Senior government officials in France are ratcheting up their fiery rhetoric against the British economy in the wake of Prime Minister David Cameron’s controversial decision not to support a new European Union (EU) treaty that every other member of the bloc voted for.

This new “war” between Paris and London now features some French lawmakers claiming that Britain’s economy is in far worse shape than France’s and that global credit ratings agencies should downgrade the UK before France.

Speculation has been rising that Paris is in danger of losing its AAA-rating following a warning from Standard & Poor’s.

However, on Friday, French finance minister Francis Baroin proudly told Europe 1 radio: The economic situation in Britain today is very worrying, and [one would] rather be French than British in economic terms.”

Earlier, Baroin told the French parliament that Britain is becoming “marginalized” in Europe.

Great Britain is in a very difficult economic situation, a deficit close to the level of Greece, debt equivalent to our own, much higher inflation prospects and growth forecasts well under the euro zone average, he said.

It's an audacious choice [to veto the EU treaty] the British government has made.

On Thursday, Christian Noyer, the governor of the Bank of France, told a French newspaper that ratings agencies “should start by downgrading Britain which has more deficits, as much debt, more inflation, less growth than us and whose credit is collapsing,”

Noyer also said: The [potential French] downgrade does not appear to me to be justified when considering economic fundamentals.

In response, Cameron’s coalition government, which is already facing rising unemployment and massive discontent from public sector unions, claims it has a solid plan to stimulate the economy.
Downing Street has also assured that it will continue to participate in Euro zone summit talks.

We have put in place a credible plan for dealing with our deficit and the credibility of that plan can be seen in what has happened to bond yields in this country, said a statement from Cameron’s office.

Credit ratings are a matter for credit rating agencies but we've put in place a credible deficit reduction plan and you can see that credibility in the UK's bond yields.

Some British Conservative politicians have also attacked Noyer.

David Ruffley, a Conservative member of the Treasury select committee, told British media. “This is another example of Gallic self-delusion on an epic scale. They are tied to a currency that could become a basket case at any moment.”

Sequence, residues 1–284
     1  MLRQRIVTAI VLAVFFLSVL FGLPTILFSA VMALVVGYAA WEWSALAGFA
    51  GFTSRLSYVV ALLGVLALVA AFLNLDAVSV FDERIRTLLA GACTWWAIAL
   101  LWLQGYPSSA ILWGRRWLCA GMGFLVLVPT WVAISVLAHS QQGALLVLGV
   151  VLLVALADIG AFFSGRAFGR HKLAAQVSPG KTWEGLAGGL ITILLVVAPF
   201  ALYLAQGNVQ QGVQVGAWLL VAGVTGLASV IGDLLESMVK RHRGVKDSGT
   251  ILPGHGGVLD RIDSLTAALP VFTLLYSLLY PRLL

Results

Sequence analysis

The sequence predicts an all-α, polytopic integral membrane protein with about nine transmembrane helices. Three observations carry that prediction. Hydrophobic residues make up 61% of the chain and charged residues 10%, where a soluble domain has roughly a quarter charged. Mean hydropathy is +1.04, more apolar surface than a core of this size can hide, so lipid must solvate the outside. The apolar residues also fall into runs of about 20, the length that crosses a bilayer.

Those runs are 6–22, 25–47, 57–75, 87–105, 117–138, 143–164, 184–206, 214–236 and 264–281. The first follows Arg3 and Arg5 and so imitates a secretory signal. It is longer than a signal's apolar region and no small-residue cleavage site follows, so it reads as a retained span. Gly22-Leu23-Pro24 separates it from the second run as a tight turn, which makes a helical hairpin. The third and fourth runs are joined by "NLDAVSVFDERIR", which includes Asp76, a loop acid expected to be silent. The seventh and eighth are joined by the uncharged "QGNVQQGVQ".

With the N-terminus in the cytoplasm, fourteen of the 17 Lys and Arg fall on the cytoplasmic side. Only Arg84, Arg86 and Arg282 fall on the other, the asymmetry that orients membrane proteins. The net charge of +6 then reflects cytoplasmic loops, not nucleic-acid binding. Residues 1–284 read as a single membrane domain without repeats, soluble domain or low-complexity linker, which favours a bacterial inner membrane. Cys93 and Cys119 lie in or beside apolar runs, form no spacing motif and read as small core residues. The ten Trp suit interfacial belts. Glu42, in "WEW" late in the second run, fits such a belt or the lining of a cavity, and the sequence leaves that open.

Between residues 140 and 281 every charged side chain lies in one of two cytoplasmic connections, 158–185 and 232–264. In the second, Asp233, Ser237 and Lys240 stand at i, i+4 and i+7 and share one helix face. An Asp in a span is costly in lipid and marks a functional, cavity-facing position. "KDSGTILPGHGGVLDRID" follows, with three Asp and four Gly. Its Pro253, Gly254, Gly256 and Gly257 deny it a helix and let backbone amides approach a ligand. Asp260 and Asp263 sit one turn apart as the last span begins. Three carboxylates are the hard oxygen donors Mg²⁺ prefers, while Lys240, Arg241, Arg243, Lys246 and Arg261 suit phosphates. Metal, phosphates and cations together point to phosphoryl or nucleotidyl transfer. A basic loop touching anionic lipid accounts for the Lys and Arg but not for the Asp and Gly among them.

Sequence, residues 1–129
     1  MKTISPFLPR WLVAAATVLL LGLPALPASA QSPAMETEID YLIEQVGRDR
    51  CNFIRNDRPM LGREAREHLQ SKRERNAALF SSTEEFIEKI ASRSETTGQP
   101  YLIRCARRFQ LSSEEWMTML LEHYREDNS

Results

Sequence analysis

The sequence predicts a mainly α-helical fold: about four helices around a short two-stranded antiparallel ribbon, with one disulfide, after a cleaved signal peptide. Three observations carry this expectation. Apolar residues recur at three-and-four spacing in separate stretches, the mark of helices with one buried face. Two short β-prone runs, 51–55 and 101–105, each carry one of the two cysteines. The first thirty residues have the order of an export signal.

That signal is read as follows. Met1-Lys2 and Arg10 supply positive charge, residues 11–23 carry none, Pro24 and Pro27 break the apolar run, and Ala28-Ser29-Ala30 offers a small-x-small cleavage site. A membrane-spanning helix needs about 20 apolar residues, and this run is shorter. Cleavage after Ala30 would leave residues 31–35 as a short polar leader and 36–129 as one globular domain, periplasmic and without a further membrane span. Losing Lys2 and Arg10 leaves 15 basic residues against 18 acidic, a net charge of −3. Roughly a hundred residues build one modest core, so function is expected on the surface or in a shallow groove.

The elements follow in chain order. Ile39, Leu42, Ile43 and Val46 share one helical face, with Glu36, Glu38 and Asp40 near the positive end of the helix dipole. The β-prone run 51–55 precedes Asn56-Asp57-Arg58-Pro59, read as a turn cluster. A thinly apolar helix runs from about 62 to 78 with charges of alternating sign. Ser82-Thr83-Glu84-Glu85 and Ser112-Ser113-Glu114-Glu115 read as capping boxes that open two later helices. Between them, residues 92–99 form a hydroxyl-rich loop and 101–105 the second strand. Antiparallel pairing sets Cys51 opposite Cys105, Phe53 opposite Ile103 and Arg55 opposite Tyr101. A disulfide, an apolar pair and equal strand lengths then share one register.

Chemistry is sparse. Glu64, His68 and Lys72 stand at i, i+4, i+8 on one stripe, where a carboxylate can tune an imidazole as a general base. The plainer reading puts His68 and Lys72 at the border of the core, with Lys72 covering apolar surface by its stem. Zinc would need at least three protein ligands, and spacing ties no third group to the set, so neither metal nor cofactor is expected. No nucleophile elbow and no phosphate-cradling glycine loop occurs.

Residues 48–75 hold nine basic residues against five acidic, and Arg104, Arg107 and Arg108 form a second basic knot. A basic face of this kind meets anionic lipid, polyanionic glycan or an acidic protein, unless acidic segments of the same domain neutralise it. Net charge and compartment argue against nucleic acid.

According to the Daily Telegraph, Jesse Norman, another Conservative Treasury committee member, said: “The view of the ratings agencies does not simply reflect the fundamentals of the French economy, but also the continuing failure to resolve the euro zone crisis. At root, this is an expression of anxiety at a failure of political leadership in the euro zone.”

Chris Morris, a BBC correspondent on Brussels, called Noyer’s comments “rather extraordinary.”

“There is a sense that the markets are waiting for a decision from the ratings agencies on whether France will lose its cherished AAA credit rating,” Morris wrote.

“French [government] ministers have already said it would be regrettable, but not disastrous…. Noyer also said the [ratings] agencies had become incomprehensible and irrational. It is another sign of the sense of frustration across the euro zone that last week's summit seems to have done little to calm the financial markets. Already there are political disputes brewing about the proposed new treaty which all EU member states except Britain have agreed to consider.”

Capitol Economics Ltd. of London commented on the brouhaha, by saying that France is much more likely to be downgraded before the UK.

“Diplomatic relations between the UK and Europe worsened again last week following suggestions by French officials that the ratings agencies should be turning their attention to the UK rather than France,” the group stated.

“But while the fiscal and economic indicators in both countries are broadly similar, France is clearly much more vulnerable to the euro-zone crisis. Indeed, we think that the UK’s relative safe-haven status is secure for now.